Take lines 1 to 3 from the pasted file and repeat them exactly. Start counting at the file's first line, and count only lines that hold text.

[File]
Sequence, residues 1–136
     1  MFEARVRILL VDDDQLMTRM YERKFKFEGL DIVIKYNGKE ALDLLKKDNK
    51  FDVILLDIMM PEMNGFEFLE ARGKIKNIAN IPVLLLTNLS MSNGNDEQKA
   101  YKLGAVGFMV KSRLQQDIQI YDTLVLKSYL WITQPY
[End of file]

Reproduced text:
Sequence, residues 1–136
     1  MFEARVRILL VDDDQLMTRM YERKFKFEGL DIVIKYNGKE ALDLLKKDNK
    51  FDVILLDIMM PEMNGFEFLE ARGKIKNIAN IPVLLLTNLS MSNGNDEQKA